Second, with respect to new teaching hospitals, CMS finalized its proposal to increase the amount of time a new teaching hospital has to establish its DGME and IME FTE caps from 3 years to 5 years.  This policy will be in effect only for hospitals that first begin to train residents in their first new program on or after Oct. 1, 2012.  CMS also finalized its proposal to adopt an apportionment plan for instances when residents in new programs train in more than one hospital during the cap-building period.

Third, with respect to the timing for filing of claims for MA patients, CMS finalized its proposal that the timely filing rules for claims submission will also apply to no-pay (“shadow”) claims that hospitals submit to receive IME, DGME, and nursing/allied health education payments.  CMS also will apply the timely filing requirements to no-pay bills submitted for purposes of calculating the DSH adjustment.

Fourth, with respect to ACA Section 5503 redistributed residency slots, CMS did not finalize its proposal that a hospital that was awarded slots under this program must use half of its awarded slots within the first three cost reporting periods of the 5-year evaluation period and all of its awarded slots within the fifth cost reporting period, or risk losing its entire slot award.  Instead, CMS adopted separate policies for expanded versus new programs.  For expansions of existing programs, hospitals will be required to fill all slots by the fourth cost reporting period.  Any expansion-related slots that are not filled by the fourth cost reporting period will be removed at the end of the fifth cost reporting period.  For new programs, hospitals will only lose those Section 5503 slots they do not use by the end of the fifth cost reporting period. 

CMS clarifies that in meeting the 75 percent test, 25 percent of the slots may be “used” for cap relief and reminds hospitals that they may lose all of their Section 5503 slots if they do not meet the 75 percent test or the 3-year primary care average requirement.  To support the new policy, CMS will amend the hospital cost report to require Section 5503 slot awardees to report the number of resident FTEs they have added because of Section 5503 slots.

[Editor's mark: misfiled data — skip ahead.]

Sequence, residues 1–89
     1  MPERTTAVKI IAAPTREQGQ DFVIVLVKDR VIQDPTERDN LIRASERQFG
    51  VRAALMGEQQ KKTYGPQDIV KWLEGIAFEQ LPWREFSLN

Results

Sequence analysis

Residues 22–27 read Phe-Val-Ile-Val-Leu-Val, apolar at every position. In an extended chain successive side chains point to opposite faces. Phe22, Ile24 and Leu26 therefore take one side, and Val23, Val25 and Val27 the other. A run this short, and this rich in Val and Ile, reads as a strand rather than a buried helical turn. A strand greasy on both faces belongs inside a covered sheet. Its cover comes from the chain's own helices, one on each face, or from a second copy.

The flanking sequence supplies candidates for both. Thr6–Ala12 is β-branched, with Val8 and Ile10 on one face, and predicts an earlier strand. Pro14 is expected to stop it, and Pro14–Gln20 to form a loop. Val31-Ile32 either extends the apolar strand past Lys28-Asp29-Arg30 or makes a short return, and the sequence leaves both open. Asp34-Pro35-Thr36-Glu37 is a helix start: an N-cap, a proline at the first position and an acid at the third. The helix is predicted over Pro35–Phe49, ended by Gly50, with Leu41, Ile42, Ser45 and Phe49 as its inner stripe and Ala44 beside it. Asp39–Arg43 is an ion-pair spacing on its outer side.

Finally, with respect to future slot redistributions from closed hospitals under Sec. 5506 of the ACA, CMS shortened the application time-frame from the current 4 months to 90 days (rather than the 60 days in the proposed rule).  CMS also adopted changes to the ranking criteria for future applications, the determination of slot effective dates, and the application form for slots under this program. 

Additionally, CMS used the IPPS rule to announce the closure of three teaching hospitals (Hawaii Medical Center East, Oak Forest Hospital in Illinois, and Huron Hospital in Ohio) and the opening of the 90-day application period to apply for slots from these hospitals.  The deadline to apply for slots from these hospitals is Oct. 29, 2012.

The proposed rule also contains provisions that affect long-term care hospitals, critical access hospitals, new technology payments, outlier payments, the labor related share, and the wage index.

Contact:

Jennifer Faerberg, MHSA
Director, Clinical Transformation Unit
Telephone: 202-862-6221
Email: jfaerberg@aamc.org

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Jason Kleinman
Sr. Legislative Analyst, Govt. Relations
Telephone: 202-903-0806
Email: jkleinman@aamc.org